Last Friday’s news dump brought word via the Austin-American Statesman that Austin City Council Member Don Zimmerman, who represents District 6, has filed a lawsuit against Mayor Steve Adler over the city’s May 7 electoral defeat of a Proposition 1, a measure that would have rolled back some current local regulations on ride-hailing companies such as Uber and Lyft. After the defeat heard round the world, Uber and Lyft both ceased operations in the city.
Zimmerman’s suit charges that the ballot language for the vote, “misled the voters and omitted chief features of the amendment,” according to the Statesman. It’s a charge made before the vote, as well, both in advertisements by Prop. 1 support group Ridesharing Works for Austin and in an failed attempt to get the Texas Supreme Court to hear a similar case.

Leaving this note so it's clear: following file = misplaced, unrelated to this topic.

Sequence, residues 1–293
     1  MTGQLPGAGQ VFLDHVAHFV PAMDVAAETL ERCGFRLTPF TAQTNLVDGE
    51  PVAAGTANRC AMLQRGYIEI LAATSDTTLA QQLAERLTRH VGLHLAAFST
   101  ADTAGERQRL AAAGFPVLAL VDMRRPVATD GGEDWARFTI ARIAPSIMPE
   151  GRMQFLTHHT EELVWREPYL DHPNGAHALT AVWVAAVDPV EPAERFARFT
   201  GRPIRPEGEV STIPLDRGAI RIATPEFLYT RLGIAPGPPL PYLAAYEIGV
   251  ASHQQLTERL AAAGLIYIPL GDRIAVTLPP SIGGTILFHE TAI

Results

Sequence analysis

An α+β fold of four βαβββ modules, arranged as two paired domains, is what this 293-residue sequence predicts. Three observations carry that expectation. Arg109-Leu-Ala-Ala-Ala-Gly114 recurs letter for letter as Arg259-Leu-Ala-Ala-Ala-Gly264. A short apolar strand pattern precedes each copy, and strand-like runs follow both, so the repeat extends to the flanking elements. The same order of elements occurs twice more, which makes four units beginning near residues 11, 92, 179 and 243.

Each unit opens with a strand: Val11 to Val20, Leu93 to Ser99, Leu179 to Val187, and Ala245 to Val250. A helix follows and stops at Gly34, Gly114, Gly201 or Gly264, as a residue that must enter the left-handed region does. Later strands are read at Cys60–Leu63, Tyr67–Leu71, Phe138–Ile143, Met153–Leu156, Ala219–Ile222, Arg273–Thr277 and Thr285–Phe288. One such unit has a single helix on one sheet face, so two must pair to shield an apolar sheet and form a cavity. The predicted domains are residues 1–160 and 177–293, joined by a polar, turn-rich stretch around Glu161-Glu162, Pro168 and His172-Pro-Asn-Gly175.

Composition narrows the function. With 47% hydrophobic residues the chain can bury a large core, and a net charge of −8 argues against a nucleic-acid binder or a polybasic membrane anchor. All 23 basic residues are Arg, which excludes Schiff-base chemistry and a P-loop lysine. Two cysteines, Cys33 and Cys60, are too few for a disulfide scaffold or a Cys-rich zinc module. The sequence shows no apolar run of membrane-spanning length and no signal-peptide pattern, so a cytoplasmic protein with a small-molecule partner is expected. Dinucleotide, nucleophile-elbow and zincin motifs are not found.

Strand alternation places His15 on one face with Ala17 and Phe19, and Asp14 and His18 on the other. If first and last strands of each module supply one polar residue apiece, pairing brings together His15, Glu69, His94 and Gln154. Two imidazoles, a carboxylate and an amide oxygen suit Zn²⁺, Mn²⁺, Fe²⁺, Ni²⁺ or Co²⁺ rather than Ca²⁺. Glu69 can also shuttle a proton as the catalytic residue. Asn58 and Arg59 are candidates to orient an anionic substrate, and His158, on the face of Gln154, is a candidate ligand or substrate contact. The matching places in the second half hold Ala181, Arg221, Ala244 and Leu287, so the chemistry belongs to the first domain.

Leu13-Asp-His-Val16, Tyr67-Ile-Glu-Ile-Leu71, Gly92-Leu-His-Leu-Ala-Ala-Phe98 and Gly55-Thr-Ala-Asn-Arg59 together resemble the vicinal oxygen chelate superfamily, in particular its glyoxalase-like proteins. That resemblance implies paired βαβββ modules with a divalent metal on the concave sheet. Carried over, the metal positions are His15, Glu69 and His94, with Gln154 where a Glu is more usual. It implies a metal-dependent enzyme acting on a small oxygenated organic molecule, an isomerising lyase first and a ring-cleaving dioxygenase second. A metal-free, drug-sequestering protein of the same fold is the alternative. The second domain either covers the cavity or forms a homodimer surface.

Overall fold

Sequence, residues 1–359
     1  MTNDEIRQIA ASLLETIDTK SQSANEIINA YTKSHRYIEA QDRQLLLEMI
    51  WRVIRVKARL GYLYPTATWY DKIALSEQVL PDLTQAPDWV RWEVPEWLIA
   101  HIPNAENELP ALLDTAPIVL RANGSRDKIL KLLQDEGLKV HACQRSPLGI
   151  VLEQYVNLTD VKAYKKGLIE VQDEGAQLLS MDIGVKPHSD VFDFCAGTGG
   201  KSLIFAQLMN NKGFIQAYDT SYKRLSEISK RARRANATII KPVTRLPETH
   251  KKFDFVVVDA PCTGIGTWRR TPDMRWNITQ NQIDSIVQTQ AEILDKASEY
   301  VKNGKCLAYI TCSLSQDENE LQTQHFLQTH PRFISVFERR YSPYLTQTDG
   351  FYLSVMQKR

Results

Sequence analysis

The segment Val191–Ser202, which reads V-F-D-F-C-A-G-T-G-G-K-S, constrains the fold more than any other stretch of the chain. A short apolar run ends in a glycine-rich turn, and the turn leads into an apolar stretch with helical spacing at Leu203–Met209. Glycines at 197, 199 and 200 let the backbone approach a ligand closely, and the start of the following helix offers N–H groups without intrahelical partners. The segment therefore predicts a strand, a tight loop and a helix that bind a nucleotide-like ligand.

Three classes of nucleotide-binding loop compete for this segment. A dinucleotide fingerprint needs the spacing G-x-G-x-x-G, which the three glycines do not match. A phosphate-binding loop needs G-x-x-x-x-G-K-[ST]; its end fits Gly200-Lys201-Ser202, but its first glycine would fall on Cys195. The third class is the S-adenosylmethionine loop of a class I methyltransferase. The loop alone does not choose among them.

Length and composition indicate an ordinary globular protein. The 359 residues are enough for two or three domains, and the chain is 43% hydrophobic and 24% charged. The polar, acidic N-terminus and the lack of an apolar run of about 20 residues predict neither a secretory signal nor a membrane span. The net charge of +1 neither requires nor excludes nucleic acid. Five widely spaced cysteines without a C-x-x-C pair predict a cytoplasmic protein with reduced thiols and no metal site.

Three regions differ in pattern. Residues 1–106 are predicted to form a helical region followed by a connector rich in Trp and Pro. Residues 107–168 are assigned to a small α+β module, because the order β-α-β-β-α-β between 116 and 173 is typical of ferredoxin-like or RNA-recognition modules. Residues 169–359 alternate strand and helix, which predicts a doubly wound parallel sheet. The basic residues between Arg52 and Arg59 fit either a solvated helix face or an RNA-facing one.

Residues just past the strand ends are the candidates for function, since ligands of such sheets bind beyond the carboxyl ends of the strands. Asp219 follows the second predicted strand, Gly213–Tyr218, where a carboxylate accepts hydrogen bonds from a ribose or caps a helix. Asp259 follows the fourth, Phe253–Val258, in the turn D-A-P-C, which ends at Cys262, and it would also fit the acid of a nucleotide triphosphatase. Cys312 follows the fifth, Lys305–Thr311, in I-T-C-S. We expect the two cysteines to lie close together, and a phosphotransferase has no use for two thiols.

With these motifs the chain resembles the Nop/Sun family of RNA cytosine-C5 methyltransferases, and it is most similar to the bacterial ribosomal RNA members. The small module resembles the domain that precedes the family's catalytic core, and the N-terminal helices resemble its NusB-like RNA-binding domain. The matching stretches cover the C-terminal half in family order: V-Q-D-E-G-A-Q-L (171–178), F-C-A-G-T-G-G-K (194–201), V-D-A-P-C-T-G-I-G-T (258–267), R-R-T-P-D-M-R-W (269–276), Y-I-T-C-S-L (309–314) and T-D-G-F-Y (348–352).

The Statesman added that the mayor said he stands by the language, but supports somewhat Zimmerman taking it to court to get a “full and fair hearing.”
In other worrying news for Austin’s attempts to regulate so-called “sharing economy” companies, KXAN-TV is reported Monday that the The Texas Public Policy Foundation has a lawsuit against the city, charging that its regulations violate short-term rental owners’ constitutional rights.
Some specifics of the Foundations complaint include the charge that the city’s cap on the number of people who can stay in a rental at the same time violates the right to free assembly, as does the ordinance’s curfew of 10 p.m. for more than six people being in a short-term rental’s yard, reported KXAN. The suit also alleges that the ability of code officers to inspect rental compliance unannounced violates protections against unlawful search and seizure, the story added.
• Uber, Stay Gold Manager Take City Ballot to Court [Curbed Austin]